The roads could become a safer place for pedestrians and cyclists in the not-so-distant future, thanks to new technology being developed by General Motors (GM).
The development by Vauxhall's parent company would allow a car to warn the driver if they were too close to these other road users. It would not only reduce the number ofcar insurance claims caused by collisions, but also help save lives.
The technology relies on Wi-Fi Direct, which allows smartphones and other handheld devices to transfer information to each other instead of relying on a fixed access point such as a phone mast.
GM said that it would take at least five years for the technology to be effective enough to make a difference, as it would require large numbers of cyclists and pedestrians to download an app on their smartphone that could then communicate with a similar device in a car.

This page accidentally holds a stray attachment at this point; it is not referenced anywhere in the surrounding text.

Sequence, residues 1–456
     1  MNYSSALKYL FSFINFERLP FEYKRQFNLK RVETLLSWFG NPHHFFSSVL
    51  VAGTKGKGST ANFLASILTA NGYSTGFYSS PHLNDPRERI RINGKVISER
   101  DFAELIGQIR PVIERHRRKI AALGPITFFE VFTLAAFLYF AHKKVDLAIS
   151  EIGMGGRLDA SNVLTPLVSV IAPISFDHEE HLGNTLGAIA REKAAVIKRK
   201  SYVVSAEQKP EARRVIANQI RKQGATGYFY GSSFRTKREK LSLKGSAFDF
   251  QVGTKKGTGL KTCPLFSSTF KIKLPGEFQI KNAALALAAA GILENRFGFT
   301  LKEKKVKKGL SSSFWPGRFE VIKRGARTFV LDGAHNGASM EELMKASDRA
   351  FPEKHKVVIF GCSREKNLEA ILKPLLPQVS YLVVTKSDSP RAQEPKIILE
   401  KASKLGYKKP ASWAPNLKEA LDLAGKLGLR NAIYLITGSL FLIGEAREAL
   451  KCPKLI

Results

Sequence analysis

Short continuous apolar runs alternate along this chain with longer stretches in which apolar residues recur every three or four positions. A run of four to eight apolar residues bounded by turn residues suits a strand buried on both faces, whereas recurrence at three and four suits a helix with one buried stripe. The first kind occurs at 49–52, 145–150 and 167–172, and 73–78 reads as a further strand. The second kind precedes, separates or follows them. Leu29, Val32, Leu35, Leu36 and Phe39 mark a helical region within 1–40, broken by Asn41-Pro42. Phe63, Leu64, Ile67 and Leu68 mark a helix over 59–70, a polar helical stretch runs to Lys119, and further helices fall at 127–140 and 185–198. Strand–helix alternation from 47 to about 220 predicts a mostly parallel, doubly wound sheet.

Meanwhile, the company is also developing technology that will allow Vauxhall cars to drive themselves within the next 10 years.
'Super cruise' will be introduced in GM's Cadillacs in three years' time before being used on other models. "By the end of the decade we will have Vauxhalls capable of driving the driver," a spokesperson said.
A typical Vauxhall Insignia using the technology will be capable of automatic steering, braking and staying in the middle of a lane.
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